New Age annoyance
The Skeptic, 5.1
May I try out a few words and phrases on you? Here we go: leisure centre, fact sheet, mini-bar, personalized, bite-sized, Bullseye. These words send shudders down my spine. I can't explain why, but I'm sure you have your own pet - I mean personalized - loathes. Quite recently, a new phrase has begun to haunt me, and it's (I can barely stand to type it) New Age Music.
According to the advertising, New Age Music is designed specifically to give you space in which to meditate, spread out, and seek your inner awareness. This is an admirable intention, and may well be more advisable than a large G & T or EastEnders. My first encounter with New Age Music was at a Mind, Body and Spirit exhibition a few years ago, where it was attracting a good deal of attention amongst Aquarian punters. It is certainly very pleasant, at least judging from the various samples I've tried. There are rarely strong melodies or rhythms: instead, synthesized textures ooze between your speakers, and velvety voices `om' `and `aah' softly. In fact, all this is rather too pleasant and anodyne for my tastes, in common with much New Age paraphernalia. But, hang on - why is there a need for this `designer music'? After all, music has been around as long as we have, and surely there is already a huge amount of music which can help us achieve states of well-being, and - more importantly - do so without sacrificing style.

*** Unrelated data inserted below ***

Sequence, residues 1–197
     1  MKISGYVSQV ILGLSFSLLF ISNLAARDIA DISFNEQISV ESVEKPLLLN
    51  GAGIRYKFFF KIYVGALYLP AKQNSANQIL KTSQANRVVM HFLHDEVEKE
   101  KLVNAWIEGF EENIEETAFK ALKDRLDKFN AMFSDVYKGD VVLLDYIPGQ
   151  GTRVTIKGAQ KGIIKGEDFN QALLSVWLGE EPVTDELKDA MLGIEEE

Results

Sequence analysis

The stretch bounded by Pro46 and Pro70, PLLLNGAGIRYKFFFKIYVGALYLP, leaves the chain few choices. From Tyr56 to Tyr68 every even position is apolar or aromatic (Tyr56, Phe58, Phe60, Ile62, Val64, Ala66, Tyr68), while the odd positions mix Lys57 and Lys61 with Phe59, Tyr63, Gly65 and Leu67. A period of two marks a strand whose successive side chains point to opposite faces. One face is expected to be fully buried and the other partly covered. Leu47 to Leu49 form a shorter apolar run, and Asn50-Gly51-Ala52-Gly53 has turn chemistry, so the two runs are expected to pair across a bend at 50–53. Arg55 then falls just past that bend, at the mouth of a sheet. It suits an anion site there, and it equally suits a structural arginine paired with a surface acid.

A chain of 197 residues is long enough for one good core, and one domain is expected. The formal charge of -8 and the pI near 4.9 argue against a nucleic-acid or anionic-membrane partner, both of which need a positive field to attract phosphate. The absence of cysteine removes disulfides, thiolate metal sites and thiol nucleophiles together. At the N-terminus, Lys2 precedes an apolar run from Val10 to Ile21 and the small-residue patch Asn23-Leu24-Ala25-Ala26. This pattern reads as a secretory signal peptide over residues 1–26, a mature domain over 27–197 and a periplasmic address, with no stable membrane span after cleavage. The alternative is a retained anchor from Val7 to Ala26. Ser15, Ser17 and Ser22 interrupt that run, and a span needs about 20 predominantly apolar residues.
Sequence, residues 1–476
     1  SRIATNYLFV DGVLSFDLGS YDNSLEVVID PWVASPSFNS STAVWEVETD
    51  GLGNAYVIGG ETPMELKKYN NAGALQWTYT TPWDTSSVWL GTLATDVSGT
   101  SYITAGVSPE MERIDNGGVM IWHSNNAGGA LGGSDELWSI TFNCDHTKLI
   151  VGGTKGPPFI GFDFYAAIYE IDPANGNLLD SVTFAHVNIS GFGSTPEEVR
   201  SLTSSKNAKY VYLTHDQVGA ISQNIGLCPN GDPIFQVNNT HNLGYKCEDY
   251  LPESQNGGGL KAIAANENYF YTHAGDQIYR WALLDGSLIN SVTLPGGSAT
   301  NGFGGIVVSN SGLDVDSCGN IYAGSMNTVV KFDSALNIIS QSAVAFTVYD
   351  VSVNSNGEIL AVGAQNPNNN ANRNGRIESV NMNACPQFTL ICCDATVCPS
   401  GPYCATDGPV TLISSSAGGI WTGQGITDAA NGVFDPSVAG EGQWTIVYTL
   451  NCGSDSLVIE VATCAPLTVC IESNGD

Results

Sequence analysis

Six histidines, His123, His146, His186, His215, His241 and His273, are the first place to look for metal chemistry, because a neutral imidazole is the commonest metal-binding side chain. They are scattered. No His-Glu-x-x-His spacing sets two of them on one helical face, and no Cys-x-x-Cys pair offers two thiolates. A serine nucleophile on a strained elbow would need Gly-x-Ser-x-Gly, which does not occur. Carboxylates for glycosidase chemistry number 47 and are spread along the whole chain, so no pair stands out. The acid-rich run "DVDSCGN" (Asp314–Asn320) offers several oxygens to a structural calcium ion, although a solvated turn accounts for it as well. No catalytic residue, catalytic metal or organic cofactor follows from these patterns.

For many years I have been an evangelist for Brian Eno's `ambient music' - music, in his words, `which is as ignorable as it is interesting'. The idea isn't new: Erik Satie, for example, wrote music `to mingle with the clatter of knives and forks.' Ambient music should not be confused with Muzak (which I think needs a TM after it), that scourge of lifts and Arndale Centres. Muzak is emasculated music, with all the interesting bits snipped away. What's left is certainly ignorable, but not interesting. Today, of course, to hear the music, you need to see the video, and New Age Music is no exception. Hit video for 1991 has got to be `Field of yellow rape seed blowing in the wind' (£10.99). Have you seen it yet? Let me describe it: there's this field of rape seed, and it, well, blows in the wind - for twenty very long minutes. This is New Age Video, the complement of New Age Music. For ideal viewing, grab your crystal collection and crouch in your New Age Pyramid (you might as well take your blunt razors along too). Or, if rape seed isn't your thing, spend an hour with close-up shots of `Basil the Parrot' clicking and clawing on his perch. (I'm not making this up).
Recently, New Age Video arrived at Channel Four. which broadcast the Art of Landscape series. The films were quite nice, in an infinitely boring kind of way, which after all, matches New Age Music perfectly.
©Toby Howard 1995
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